So no - I don't think it will slow. Like all animals here on earth, we are made to reproduce. Morally or religiously, it doesn't really matter if you agree. As a whole, we'll keep going. Either we'll figure something out to make it work, or we'll die off. I don't see any solutions under the heading of "population control" though. (Shall we arrest people if they have too many children or a child without a permit? Do we sterilize at random (the only sure way for this is castration or hysterectomy - vasectomies and tubal is not 100%)? Do we just exterminate "excess people" like you would other parasites?) I think not.

Chile said...

I read Ehrlich's Population Bomb at age 12 and saw then that uncontrolled human population growth would lead to resource depletion and pollution issues. Many years later, I still see overpopulation as one of the biggest issues facing our continued existence on this planet and am happy I made the conscious choice not to reproduce.

Humans have great potential, both to create but also to destroy. As a species, we seem to be exercising the latter more than the former lately. And I do occasionally wonder if some of the aberrant behavior apparent in this day and age is due to the "too many rats in a cage" syndrome.

Brad K. said...

I look at my chicken house with two chickens - and was operating smoothly a few years back with 60. I look at the way science fiction writers envision hundred story immense residential towers (David Weber) and bioenhanced trees (Copernick's Rebellion, Leo Frankowski). There are space habitats and hollowed asteroids, domes on the moon and ocean bottom, tunnels underneath each, and floating sea-colonies.

I look at the difference between victory gardens, industrial agriculture, hydroponics and Monsanto Round-Up Ready GMO corn, wheat, sorghum, and pansies (just kidding on that last) that promise not to have really majorly serious birth defects for at least two generations, aside from the missing or extra limb, ability to distinguish colors, sounds, or direction.

I suppose we could adopt a self-limiting culture - require every residence to be below 100 feet below the surface of the earth. Want more room? Start chipping.

I think there are some energy sources that will seem sustainable, long term - including solar wind, once we get past the atmosphere into space. Geothermal and cold ocean venting seem to be reasonably long term sources. And given available energy, most of the rest can be dealt with.

Except that we are running out of cheap energy, and most work toward alternatives are more science career enhancements or tax dollar consumption schemes.

Just as today and in the past, I expect local concentrations of population to reach critical mass and implode. Will the damage spread to less critical densities? Time will tell.

And I do fear those that advocate unilaterl population reduction - which is a form of cultural and social and genetic suicide.

Prairiemom said...

We are parasites by definition. A parasite is an organism that lives in or on another organism (its host) and benefits by deriving nutrients at the host's expense. According to google.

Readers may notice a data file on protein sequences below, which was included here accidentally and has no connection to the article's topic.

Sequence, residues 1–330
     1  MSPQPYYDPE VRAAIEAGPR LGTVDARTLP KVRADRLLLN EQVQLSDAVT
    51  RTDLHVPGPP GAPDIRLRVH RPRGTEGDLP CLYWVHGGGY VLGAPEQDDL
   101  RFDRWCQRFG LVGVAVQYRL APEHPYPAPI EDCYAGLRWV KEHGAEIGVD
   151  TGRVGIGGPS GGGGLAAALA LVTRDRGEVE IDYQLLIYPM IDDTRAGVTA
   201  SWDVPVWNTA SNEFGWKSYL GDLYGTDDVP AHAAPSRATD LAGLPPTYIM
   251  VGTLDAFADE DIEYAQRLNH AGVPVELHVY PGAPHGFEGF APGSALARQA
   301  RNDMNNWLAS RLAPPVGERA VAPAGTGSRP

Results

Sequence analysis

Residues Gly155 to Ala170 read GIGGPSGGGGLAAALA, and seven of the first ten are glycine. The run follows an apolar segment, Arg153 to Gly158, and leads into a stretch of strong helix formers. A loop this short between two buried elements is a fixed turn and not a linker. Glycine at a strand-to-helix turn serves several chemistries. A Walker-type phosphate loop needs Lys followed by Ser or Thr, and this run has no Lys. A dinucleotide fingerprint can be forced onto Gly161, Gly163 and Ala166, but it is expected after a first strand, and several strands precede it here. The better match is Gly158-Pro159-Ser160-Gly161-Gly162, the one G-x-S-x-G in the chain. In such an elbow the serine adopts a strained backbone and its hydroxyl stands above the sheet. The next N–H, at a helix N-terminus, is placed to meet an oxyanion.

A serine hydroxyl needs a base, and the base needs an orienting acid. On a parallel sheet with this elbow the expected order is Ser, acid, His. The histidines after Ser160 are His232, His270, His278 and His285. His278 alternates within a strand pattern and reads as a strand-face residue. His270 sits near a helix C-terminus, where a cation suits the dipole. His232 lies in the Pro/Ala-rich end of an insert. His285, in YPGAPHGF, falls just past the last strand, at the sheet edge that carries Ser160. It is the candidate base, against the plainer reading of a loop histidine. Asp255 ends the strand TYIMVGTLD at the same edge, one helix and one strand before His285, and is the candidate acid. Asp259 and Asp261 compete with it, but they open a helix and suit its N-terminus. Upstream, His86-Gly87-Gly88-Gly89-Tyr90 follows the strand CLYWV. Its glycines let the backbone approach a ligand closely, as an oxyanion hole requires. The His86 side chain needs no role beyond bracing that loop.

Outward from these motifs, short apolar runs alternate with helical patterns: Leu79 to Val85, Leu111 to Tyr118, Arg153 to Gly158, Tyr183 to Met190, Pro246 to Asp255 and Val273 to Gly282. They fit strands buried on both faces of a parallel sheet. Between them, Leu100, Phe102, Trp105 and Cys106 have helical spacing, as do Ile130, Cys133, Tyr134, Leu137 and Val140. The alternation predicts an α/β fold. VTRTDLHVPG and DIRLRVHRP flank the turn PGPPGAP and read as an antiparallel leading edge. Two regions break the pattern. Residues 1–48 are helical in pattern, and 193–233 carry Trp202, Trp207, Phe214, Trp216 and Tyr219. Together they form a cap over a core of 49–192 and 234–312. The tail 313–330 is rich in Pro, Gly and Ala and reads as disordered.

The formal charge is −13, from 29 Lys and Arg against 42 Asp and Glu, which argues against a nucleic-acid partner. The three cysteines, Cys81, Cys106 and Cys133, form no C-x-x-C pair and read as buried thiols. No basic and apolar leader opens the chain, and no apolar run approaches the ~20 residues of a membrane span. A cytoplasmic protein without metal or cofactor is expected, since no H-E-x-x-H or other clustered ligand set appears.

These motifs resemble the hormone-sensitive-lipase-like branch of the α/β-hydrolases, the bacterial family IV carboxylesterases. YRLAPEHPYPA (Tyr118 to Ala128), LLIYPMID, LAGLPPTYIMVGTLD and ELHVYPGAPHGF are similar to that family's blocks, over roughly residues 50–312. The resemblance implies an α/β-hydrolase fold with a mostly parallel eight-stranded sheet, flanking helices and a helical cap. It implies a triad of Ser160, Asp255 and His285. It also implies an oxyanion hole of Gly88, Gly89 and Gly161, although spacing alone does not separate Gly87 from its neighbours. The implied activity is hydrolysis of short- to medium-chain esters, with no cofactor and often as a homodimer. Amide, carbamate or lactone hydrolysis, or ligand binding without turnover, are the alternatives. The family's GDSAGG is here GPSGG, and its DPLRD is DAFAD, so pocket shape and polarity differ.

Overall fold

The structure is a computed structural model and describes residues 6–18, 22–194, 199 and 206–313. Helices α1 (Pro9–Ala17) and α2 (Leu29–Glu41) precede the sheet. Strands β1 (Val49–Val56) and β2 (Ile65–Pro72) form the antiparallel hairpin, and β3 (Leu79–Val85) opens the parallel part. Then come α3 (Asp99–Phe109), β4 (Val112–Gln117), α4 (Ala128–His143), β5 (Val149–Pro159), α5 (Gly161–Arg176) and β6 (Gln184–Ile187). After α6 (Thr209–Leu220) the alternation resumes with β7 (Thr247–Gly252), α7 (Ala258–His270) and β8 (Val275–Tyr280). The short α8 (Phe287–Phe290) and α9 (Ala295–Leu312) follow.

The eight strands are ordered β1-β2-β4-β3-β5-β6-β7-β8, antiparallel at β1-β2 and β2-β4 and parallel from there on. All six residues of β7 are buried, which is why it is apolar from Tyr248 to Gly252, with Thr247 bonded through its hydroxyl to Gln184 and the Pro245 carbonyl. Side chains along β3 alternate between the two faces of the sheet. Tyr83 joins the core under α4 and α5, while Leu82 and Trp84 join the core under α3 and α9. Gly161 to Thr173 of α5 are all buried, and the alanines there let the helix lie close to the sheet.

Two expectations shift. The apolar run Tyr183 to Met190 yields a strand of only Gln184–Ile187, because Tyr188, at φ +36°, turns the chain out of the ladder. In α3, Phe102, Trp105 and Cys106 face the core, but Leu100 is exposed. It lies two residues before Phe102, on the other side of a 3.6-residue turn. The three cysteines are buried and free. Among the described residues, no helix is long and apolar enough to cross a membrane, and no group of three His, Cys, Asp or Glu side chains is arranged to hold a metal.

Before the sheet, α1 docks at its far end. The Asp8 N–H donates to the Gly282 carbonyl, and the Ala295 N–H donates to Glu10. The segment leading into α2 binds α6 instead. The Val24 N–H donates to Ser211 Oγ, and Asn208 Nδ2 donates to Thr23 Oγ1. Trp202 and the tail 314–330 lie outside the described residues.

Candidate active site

So, yes, we are. And I believe that we will continue to live how we live, exploiting the planet and its resources until we reach a peak, there will be famine, and disease, and many people will die off. It will not be pleasant, but we will eventually reach an equilibrium.
Some sort of population control would probably be helpful, but since I am human, and enjoy living, I am not about to volunteer to give up my spot on earth, and I don't really care to have anyone telling me or my children how many offspring they are allowed to have.

Tracey said...

We are completely parasitic. The issue of whether our population numbers should be controlled is far too complex for me to give an intelligent answer. But heck, we control animal populations, right?

Nic, SD said...

To The Haphazard Countryman. Perhaps it is selfish of my husband and myself to not have any children. I think it is also very selfish of people like the Duggers to have 20, or whatever. At least my selfishness, in this matter, isn't making a bad situation worse.

(Somewhat related: I do wish doctors wouldn't look at a man in his twenties, with no kids, like he's NUTS for wanting a vasectomy!)

Brad K. said...

Nic, SD,

I have to agree with the doctor.

If the young man is of good character, responsible, and respected and honorable, then failing to form a family and raise a child or two is cheating his community and the future of the community.

It is the teaching of character and values to the next generation, something public education is only moderately capable of, that will prepare the next generation to survive.

The education the young man receives, the people skills and place in community and nation that he makes - those are all discarded with his own passing. That is not the way to build a sustainable future.

Amberley said...

@Brad K "... those are all discarded with his own passing. That is not the way to build a sustainable future."